(HealthDay News) — Differing methods used to calculate gestational age affect the accuracy of the reported rate of preterm births in the United States, according to research published in the August issue of the American Journal of Obstetrics & Gynecology.
Elaine L. Duryea, MD, of the University of Texas Southwestern Medical Center in Dallas, and colleagues used data from U.S. birth certificates for 2012 to determine the rate of preterm birth (defined as 36 or fewer completed weeks of gestation). The computed rates of preterm birth were compared for different methods of calculating gestational age: one using the obstetric estimate specified in the revised birth certificate and the other using the estimate based on the last menstrual period alone.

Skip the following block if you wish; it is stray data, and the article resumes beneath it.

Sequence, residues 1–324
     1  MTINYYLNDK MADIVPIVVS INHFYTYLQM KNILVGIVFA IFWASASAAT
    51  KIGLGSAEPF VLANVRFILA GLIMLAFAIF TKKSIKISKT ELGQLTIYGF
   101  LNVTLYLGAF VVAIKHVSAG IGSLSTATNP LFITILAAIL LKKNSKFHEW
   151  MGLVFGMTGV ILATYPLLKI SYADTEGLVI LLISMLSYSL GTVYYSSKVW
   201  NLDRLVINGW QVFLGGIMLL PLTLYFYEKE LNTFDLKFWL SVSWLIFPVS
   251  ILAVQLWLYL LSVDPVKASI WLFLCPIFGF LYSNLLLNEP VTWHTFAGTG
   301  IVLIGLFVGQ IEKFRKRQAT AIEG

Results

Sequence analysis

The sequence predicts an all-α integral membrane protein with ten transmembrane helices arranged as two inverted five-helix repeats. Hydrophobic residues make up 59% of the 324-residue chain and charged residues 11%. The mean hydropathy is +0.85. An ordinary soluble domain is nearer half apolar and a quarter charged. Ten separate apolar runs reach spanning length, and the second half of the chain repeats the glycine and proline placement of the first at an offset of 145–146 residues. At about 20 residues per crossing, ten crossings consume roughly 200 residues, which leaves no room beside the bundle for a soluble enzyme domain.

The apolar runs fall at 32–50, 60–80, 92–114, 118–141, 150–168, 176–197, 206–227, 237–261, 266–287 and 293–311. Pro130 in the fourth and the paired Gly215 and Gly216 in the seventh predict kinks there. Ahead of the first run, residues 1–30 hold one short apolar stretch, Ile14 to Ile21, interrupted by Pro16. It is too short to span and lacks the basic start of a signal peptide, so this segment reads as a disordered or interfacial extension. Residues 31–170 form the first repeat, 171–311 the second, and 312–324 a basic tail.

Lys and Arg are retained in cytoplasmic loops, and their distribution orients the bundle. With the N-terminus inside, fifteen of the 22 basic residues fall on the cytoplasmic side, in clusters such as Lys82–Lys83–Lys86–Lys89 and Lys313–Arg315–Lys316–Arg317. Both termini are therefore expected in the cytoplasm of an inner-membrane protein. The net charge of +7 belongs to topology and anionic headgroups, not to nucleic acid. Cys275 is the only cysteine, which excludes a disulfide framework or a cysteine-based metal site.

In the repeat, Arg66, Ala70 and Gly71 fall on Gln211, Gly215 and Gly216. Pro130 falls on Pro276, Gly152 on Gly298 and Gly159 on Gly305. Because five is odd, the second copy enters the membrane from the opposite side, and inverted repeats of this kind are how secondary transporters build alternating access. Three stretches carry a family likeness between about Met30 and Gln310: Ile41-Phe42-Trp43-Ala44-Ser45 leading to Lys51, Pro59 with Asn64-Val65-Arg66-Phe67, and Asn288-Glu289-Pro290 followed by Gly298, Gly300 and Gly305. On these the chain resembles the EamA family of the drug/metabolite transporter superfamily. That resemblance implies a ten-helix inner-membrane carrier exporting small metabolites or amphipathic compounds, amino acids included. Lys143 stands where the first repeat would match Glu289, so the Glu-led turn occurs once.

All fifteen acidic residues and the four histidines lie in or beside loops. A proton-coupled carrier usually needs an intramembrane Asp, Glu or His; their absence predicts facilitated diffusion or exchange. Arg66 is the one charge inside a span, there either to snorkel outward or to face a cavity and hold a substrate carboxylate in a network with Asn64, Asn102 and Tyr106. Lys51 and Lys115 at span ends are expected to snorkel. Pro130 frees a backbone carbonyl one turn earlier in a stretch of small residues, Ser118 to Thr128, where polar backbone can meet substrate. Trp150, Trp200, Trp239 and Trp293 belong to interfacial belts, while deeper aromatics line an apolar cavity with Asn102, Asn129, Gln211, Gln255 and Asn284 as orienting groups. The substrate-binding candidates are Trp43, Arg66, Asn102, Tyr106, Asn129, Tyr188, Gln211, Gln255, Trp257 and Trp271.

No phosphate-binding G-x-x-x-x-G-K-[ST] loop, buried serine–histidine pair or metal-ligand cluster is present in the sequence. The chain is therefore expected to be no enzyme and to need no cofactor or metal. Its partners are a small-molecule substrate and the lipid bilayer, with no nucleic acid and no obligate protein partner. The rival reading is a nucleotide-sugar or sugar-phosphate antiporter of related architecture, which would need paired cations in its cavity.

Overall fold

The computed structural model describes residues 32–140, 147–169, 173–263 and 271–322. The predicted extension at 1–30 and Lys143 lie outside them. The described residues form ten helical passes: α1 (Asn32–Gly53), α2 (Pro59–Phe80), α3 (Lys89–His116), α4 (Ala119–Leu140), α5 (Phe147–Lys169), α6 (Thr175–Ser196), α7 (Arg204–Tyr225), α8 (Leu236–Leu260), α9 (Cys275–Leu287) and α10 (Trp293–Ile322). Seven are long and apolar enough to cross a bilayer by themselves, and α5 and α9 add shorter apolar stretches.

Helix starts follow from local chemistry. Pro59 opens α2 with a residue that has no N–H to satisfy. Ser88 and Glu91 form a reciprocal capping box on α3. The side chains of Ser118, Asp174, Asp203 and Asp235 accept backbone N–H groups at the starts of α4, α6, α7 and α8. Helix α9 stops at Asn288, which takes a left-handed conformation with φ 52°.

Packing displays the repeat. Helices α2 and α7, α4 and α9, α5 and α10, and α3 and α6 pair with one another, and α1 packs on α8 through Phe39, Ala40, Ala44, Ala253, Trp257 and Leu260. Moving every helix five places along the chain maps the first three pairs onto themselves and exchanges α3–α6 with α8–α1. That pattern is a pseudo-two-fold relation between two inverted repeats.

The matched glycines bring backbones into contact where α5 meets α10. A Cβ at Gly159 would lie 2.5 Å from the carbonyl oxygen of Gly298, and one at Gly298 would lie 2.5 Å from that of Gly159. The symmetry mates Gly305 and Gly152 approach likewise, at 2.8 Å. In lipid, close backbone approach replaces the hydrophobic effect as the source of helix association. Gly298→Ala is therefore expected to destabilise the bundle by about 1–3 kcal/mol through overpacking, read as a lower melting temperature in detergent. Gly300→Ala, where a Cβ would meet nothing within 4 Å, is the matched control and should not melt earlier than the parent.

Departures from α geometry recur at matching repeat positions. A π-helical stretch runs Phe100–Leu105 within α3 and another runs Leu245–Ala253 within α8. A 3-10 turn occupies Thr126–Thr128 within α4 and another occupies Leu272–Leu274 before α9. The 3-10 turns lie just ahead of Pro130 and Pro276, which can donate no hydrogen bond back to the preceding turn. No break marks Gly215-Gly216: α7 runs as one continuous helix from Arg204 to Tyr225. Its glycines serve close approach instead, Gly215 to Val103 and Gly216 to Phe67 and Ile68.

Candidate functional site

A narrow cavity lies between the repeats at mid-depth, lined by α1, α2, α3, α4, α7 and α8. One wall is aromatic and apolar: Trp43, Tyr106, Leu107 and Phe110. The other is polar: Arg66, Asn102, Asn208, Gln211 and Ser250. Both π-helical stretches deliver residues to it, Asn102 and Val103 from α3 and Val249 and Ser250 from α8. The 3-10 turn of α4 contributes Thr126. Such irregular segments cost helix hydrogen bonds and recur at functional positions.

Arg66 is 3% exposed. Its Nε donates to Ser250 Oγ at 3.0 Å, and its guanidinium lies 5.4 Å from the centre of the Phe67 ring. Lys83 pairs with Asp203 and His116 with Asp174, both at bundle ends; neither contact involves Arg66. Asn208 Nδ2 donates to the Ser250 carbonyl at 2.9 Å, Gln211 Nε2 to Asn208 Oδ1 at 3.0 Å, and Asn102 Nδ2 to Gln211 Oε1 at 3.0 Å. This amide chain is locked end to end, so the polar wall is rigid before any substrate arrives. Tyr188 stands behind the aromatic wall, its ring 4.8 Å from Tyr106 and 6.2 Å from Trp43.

The researchers found that the rate of preterm birth was significantly lower when the obstetric estimate was used to calculate gestational age (9.7%) rather than the estimate based on the last menstrual period alone (11.5%). When the obstetric estimate was used, neonates identified as preterm were more likely to qualify as low birth weight (54 vs. 42%; P<0.001) and have known morbidities associated with preterm birth, such as need for assisted ventilation and surfactant use.
“Because the majority of European and other industrialized nations utilize the obstetric estimate for reporting purposes, a change in U.S. reporting practices would serve to facilitate a more meaningful international comparison as well as more accurately estimate the rate of preterm birth,” the authors write.